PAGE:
Myeloma chemotherapy depends on the general health of the patient and functioning of the kidneys and other vital organs of the body. This treatment aims at controlling the disease as long as possible, try to retain the quality of life and provide comfort to the patient. Multiple myeloma is very sensitive to chemotherapy drugs and hence this treatment is used commonly. It is can be given orally as well as intravenously.
One or more chemotherapy drugs are given every 3-4 weeks with a rest period in between. The doctors recommend blood tests for patients prior to the treatment to check the blood counts. The dose of the drugs is adjusted according to the results of the blood tests.
Normally this chemotherapy is done in an outpatient setting. However, if the infusion of one or some of the drugs takes a longer time, the patients might need to be hospitalized for some time.
Myeloma chemotherapy drugs include-
Some drugs are given in the form of tablets or capsules. The drugs melphalan and cyclophosphamide are available in the form of tablets as well as injections. However, tablets are preferred as there are fewer side effects. They are given along with steroid tablets. The other drugs are given intravenously.
Biological therapy is a treatment wherein the anti cancer drugs affect the cell division process but each work works differently. The initial treatment of biological therapy for myeloma includes drugs like thalidomide and bortezomib.
Thalidomide is effective in treating myeloma. It stops the formation of new blood vessels. This reduces the supply of oxygen and nutrients to the cancer cells and the cancer cells eventually shrink and die. Thalidomide is available in the form of a tablet and is normally recommended daily. There are certain side effects of this drug. Some of them are constipation, drowsiness and risk of developing blood clots in the leg veins that is called deep vein thrombosis.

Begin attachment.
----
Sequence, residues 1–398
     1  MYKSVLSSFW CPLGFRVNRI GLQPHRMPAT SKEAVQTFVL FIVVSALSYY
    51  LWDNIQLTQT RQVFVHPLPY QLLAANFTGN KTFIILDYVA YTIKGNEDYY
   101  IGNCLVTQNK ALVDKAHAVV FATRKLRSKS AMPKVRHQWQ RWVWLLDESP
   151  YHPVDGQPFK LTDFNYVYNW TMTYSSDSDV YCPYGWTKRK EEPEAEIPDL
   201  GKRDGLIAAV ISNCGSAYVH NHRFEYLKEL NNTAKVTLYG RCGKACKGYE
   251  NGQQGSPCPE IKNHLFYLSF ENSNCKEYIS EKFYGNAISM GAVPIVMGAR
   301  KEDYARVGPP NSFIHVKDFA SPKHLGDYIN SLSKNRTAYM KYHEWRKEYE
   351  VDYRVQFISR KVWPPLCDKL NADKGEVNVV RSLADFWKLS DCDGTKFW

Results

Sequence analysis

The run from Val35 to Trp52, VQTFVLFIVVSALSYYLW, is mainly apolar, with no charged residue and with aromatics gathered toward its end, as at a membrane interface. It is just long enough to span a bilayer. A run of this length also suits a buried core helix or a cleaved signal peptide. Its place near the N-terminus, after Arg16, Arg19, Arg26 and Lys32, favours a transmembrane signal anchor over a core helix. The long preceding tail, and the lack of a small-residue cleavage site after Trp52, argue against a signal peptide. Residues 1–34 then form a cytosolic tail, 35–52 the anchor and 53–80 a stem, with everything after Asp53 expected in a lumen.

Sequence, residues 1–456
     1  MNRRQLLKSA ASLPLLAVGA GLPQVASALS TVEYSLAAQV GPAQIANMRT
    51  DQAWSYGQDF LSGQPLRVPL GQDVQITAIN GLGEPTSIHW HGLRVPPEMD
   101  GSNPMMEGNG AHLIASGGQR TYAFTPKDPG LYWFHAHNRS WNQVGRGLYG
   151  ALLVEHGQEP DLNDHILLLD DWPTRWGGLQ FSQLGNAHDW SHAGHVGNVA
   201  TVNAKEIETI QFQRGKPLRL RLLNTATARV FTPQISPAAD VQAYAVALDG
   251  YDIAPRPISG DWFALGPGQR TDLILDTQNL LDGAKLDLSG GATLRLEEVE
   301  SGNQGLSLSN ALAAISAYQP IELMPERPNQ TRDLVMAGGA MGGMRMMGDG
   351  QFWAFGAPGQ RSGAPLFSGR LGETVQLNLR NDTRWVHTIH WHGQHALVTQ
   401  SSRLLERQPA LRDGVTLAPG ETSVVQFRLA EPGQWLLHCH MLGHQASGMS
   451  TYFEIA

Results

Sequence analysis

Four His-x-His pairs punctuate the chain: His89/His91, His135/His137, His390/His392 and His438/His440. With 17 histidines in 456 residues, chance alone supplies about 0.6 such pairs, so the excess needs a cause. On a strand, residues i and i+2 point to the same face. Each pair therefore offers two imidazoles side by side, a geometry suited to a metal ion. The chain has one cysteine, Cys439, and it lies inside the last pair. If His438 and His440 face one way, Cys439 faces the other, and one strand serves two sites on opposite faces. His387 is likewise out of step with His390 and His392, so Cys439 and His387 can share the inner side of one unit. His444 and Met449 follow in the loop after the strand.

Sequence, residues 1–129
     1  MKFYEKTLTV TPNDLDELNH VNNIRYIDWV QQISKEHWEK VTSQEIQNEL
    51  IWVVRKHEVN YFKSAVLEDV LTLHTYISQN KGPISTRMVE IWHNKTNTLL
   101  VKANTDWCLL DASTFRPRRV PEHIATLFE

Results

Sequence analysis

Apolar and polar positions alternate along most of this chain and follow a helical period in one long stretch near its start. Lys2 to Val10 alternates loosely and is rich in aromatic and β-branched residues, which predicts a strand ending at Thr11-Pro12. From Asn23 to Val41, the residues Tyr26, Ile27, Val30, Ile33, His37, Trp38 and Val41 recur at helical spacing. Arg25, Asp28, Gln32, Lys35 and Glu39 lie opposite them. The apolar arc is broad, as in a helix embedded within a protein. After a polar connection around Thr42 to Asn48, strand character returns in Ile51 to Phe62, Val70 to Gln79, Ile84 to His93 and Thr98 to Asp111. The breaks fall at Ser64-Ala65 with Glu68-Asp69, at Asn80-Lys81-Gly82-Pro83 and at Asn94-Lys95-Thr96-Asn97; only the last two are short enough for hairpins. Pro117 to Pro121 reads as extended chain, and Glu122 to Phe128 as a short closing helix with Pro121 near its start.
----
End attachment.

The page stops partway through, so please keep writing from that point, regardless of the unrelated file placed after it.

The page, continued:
Thalidomide could also cause peripheral neuropathy i.e. tingling and numbness in hands and feet due to nerve damage. This would gradually disappear.
Thalidomide causes birth defects in a developing fetus, thus should not be given to pregnant women.
Bortezomib is a relatively new drug and is a proteasome inhibitor. Proteasomes are a group of enzymes in our body that function cell growth and functioning. This drug interferes with the proteasomes and in turn interferes with the growth of cancer cells.
This is recommended if a bone marrow transplant is not feasible for recurrent myeloma. This is given intravenously in four doses each with a gap of three weeks in between. This is also given along with a steroid.
Side effects of bortezomib are tiredness, nausea, diarrhea, peripheral neuropathy and a low platelet count.
Steroids help to destroy myeloma cells and enhance the effect of chemotherapy. Some common steroids used to treat myeloma are prednisolone and dexamethasone. They are usually taken as tablets or sometimes as liquid preparations.
They cannot be taken for a very long time as they cause side effects. They cause irritation to the stomach cells that leads to heartburn and indigestion. Other chemotherapy side effects are increased appetite, difficulty in sleeping, water retention, high blood pressure, high level of blood sugar, puffiness and weight gain.
Myeloma chemotherapy is effective as compared to other treatments. There are many new forms of chemotherapy and new drugs developed that destroy the cancer cells effectively. Some of them are still under clinical research.